I had a different photograph in mind when I went searching through my files, but I’ll save that one for another time.
This picture, taken near the Okefenokee Swamp a couple of years ago, isn’t very good, technically. But when I stumbled across it, I saw it differently. I saw those words with the brilliant sunlight and that clear blue sky and the trees as backdrop.
Late yesterday afternoon, after a day of heavy rain and wind and storms, the skies finally cleared. Out my kitchen window, I watched the clouds scudding by, still wind-driven, and the glow of sunset through the bare trees. I couldn’t resist. I went outside to take a few shots.
Actually, I think about the weather a lot. I’m a devotee of the Weather Channel, especially when storm fronts come rushing at us from the west or a hurricane spawns out in the Gulf.
I’d guess you don’t know much about Mississippi weather, though. Maybe you think we go barefoot year-round, sit on our verandas and watch the heat shimmer, and sip mint juleps.
Allow me to enlighten you.
In central Mississippi where I live, we do have seasonal changes. Spring and fall are gorgeous, my favorite times of the year. Go 150 miles north, and you’ll see more distinct seasonal swings with much colder winters, even occasional snow. (That’s hill country, where I grew up.) Go south, and you’ll find balmy temps most of the year, although our coast can get pretty chilly. Sometimes it even snows farther south, when a warm, moist front out of the Gulf meets a cold front barreling down from the north. If they tangle just right, that scenario has been known to drop six to twelve inches of the white stuff south of here, and we don’t get a flake.
Where I live, snow is rare but not unheard of. We are just south of what I call “the snow line,” maybe fifty miles north. Sometimes I wish for a front to push a little farther south, but I’m careful of what I wish for. A few inches of snow shuts us down. We lose power. Looking befuddled, road crews throw gravel, sand, and salt on our bridges and overpasses. Schools close. Only essential personnel report for work. It’s for the best. You don’t want to be out on the streets with folks who don’t know how to drive in snow, and believe me, we don’t know how. We get so little practice.
Fear of Ice
A little snow, we deep Southerners can handle, as long as we can sit inside by the fire (we do have fireplaces), sip a little something, and watch it fall prettily outside our windows. No power outages, no digging out, just a day or so of hibernation and waking up to a glittery world when the sun comes out the next day. Most likely, by afternoon, the streets are passable, and it’s over.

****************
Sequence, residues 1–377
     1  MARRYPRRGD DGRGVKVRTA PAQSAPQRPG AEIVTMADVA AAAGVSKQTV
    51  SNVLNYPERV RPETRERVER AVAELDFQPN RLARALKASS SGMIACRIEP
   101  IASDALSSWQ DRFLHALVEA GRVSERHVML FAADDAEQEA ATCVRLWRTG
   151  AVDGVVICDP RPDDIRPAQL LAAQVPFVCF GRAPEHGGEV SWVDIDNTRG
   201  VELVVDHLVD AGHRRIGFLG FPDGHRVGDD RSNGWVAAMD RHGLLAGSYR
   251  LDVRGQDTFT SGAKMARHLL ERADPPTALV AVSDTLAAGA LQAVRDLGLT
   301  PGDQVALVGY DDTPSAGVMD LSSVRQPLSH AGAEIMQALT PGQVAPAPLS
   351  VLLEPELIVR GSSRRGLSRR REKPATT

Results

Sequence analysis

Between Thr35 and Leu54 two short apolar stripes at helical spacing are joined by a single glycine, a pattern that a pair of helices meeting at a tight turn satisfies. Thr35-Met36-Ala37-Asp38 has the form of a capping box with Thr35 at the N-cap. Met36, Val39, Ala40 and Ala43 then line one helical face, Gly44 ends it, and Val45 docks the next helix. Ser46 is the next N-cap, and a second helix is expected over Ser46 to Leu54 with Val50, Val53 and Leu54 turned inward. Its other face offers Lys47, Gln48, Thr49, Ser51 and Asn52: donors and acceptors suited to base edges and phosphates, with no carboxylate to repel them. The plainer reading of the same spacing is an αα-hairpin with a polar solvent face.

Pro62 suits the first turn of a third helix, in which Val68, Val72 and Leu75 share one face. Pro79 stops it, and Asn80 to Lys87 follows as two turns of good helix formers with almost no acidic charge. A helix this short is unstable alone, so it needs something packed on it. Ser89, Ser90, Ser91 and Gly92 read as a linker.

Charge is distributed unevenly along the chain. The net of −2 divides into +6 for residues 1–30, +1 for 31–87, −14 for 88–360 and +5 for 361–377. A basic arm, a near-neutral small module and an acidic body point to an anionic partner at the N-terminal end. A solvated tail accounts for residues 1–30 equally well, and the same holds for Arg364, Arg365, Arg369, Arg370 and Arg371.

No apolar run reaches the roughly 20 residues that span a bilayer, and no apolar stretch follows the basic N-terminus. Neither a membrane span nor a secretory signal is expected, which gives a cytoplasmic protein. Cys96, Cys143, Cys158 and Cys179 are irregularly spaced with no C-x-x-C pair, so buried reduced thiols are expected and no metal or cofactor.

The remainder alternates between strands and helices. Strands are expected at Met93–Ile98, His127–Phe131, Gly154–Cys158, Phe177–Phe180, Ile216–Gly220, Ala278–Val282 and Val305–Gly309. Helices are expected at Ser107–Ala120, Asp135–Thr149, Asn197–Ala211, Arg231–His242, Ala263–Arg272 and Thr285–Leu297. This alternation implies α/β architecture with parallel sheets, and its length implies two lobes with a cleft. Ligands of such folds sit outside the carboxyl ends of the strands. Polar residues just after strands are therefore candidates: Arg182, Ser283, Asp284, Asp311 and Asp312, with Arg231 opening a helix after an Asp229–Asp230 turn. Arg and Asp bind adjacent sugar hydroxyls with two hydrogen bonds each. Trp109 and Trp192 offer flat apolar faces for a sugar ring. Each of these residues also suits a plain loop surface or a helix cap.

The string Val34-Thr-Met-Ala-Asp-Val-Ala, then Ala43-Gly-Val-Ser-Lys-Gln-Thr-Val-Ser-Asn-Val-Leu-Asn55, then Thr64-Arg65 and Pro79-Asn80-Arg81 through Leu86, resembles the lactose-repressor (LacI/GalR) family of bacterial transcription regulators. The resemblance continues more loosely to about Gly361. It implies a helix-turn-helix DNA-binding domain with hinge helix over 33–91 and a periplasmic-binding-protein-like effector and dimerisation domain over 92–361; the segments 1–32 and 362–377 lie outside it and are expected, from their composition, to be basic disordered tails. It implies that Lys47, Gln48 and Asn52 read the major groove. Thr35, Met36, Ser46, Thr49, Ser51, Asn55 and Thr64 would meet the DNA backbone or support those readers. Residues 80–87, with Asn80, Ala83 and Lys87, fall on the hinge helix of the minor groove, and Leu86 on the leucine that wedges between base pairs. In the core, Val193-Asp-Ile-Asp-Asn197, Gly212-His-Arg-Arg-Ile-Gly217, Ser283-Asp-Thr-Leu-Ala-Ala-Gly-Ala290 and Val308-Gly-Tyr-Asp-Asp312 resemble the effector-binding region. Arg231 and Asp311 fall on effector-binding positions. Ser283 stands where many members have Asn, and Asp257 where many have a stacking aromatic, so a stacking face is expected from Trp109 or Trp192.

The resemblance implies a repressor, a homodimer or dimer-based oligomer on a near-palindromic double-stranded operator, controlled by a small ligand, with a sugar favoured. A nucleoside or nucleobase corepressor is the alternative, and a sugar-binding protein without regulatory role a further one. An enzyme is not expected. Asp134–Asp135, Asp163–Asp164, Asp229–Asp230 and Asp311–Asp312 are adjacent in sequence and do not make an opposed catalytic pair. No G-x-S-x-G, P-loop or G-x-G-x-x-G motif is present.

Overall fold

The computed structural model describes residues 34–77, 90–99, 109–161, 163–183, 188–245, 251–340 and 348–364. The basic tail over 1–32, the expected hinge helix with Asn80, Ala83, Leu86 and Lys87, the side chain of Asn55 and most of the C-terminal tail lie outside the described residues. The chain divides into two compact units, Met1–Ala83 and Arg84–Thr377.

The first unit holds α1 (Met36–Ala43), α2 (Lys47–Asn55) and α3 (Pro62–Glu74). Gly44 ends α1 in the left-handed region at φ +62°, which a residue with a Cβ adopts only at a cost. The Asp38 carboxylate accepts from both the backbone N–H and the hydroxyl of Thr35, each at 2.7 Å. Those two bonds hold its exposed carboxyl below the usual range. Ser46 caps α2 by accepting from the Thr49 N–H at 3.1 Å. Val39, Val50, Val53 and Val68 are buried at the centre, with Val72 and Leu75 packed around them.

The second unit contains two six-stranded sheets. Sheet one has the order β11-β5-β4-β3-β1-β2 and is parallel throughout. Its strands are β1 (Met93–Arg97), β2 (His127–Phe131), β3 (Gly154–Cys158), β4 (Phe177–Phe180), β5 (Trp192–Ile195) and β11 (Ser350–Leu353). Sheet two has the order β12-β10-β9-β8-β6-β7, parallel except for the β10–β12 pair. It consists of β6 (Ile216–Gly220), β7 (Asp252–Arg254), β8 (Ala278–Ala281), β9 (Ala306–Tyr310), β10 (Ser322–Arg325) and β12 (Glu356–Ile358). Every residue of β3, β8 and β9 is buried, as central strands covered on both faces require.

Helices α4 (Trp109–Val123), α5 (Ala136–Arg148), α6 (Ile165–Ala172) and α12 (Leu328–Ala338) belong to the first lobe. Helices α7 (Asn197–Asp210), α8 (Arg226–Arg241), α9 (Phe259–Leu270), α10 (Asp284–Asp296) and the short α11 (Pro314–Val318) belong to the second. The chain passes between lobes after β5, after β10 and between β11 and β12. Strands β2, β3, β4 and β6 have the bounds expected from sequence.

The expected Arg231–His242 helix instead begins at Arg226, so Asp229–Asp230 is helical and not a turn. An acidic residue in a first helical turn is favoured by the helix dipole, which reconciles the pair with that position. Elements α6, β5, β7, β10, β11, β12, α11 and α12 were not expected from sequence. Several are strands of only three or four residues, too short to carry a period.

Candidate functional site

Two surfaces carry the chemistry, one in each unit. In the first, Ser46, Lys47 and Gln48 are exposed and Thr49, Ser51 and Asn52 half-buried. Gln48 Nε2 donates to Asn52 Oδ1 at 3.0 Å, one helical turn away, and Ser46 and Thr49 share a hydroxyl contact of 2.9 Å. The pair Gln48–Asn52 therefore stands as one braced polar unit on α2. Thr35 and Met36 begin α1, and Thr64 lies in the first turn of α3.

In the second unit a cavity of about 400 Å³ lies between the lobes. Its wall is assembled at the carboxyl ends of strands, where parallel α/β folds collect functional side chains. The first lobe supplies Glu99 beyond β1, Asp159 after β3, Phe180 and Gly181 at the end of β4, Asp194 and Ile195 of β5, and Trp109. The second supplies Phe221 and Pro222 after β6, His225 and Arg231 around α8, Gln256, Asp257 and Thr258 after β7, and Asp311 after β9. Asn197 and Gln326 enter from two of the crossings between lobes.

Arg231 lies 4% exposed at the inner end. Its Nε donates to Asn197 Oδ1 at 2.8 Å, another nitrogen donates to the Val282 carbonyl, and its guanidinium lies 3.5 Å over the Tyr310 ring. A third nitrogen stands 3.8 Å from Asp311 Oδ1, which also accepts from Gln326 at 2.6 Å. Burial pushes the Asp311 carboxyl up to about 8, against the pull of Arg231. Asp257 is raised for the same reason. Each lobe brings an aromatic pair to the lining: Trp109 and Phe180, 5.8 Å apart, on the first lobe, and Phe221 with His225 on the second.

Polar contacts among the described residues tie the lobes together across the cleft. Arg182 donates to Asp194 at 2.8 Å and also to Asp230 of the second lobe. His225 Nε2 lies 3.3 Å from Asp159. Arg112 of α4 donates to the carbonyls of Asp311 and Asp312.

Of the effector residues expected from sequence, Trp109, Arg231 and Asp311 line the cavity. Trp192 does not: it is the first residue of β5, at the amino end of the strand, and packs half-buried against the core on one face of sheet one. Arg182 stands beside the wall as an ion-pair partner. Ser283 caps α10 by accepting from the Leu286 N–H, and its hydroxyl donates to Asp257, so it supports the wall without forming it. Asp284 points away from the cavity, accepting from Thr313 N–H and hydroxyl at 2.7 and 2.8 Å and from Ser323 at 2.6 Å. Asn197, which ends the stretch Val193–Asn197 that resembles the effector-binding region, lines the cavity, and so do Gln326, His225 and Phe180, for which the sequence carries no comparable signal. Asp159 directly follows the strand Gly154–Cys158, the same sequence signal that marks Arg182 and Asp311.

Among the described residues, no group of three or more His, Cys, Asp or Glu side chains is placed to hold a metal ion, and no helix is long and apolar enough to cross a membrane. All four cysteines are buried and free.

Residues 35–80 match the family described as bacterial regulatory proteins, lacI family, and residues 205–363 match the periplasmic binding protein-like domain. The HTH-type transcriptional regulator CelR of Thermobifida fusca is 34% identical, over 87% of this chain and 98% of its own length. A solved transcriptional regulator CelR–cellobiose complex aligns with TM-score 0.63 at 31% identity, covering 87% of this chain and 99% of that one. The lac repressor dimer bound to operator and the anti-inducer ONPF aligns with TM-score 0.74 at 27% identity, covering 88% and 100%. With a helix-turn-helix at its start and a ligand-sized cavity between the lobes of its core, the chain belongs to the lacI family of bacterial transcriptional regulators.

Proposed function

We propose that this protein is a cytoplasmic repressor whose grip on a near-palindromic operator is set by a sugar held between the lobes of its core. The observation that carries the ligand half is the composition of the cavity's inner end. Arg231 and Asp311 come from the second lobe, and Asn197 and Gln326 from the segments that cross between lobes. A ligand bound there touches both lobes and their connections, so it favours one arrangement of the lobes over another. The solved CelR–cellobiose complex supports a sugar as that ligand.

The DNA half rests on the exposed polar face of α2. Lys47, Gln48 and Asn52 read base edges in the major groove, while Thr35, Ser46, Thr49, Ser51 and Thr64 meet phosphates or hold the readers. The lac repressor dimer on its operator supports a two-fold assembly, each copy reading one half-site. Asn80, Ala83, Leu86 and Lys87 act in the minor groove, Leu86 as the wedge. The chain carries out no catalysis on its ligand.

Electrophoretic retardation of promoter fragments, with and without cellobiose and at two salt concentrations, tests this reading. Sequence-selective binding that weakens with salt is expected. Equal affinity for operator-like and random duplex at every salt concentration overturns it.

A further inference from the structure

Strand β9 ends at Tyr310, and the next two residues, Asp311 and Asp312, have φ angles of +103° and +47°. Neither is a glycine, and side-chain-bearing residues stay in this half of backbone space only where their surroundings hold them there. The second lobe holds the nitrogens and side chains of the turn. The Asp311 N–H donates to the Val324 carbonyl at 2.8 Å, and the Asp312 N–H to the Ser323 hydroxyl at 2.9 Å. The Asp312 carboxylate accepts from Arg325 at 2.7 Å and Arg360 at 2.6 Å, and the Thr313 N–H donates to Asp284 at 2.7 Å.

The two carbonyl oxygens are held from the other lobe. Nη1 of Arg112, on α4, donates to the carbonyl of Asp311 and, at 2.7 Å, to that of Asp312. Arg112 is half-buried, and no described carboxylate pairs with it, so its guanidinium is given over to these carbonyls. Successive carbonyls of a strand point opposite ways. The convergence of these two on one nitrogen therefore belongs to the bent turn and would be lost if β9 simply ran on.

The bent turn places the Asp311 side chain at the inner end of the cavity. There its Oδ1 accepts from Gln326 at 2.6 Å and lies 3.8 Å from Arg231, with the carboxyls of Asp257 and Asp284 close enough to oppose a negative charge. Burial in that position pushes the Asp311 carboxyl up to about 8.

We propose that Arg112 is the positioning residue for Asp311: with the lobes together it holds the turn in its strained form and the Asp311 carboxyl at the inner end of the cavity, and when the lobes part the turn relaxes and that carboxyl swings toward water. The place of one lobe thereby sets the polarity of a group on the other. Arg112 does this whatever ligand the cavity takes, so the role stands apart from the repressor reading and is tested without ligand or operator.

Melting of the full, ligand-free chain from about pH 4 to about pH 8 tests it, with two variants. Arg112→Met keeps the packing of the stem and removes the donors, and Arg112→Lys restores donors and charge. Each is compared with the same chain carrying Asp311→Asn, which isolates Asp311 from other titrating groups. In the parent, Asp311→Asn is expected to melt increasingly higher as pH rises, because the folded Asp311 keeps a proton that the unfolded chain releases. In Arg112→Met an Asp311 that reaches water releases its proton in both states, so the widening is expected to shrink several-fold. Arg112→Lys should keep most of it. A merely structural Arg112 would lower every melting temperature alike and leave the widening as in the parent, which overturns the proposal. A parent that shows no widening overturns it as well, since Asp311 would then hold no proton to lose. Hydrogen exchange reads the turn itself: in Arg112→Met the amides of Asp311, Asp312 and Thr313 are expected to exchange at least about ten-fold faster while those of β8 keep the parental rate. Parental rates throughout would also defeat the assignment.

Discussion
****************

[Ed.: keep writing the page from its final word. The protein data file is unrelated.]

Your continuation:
But ice? Ice is terrifying. We have all these big old trees, you see. The pine trees bend until the ice gets so heavy they can’t take any more, and then they come down. Hardwood tree limbs snap like toothpicks. The smaller limbs go first, then the bigger ones, and if the frozen stuff piles on heavily enough, those big, hundred-year-old trees come down and wreak havoc.
I remember my first ice storm. I was about ten. We got the precip as sleet and freezing rain overnight, and as ice accumulated on trees and power lines, all night long I heard the crack and crash of limbs coming down. It didn’t take long for the power lines to go. By morning, it was snowing. Beautiful, but oh, so cold in our house. We were without power for at least a week. (For a related post, see Age Ten: The Hush of Ice and Death.)
Sunny and Mild
Lots of folks believe our winters are generally getting milder. I tend to agree. I doubt we had more than six weeks of cold weather here last winter. (FYI, cold here means highs in the forties or fifties, lows in the teens or twenties.) Today, the eighth of December, the high will be seventy-five. (Unless you live in south Florida, you are envious, I know.) But it won’t last. In a day or two or three, an Arctic front will make its way down, probably with heavy weather in front of it–thunderstorms and hail and wind and maybe even tornadoes–and we’ll hunker down until it passes. Once it does, the temperature will drop within minutes. Go to the grocery without a sweater, and by the time you come out, you’re shivering. It’ll be winter again.
That’s our weather roller coaster. And we haven’t even touched on the hundred-degree summers. Another time, maybe.
Mississippi weather? Picture a famous movie star (Southern). Mercurial. Sultry. Petulant. Gorgeous. Cold. Unpredictable. Stormy. Sizzling. Fickle. So think twice before you envy the Southern weather paradise!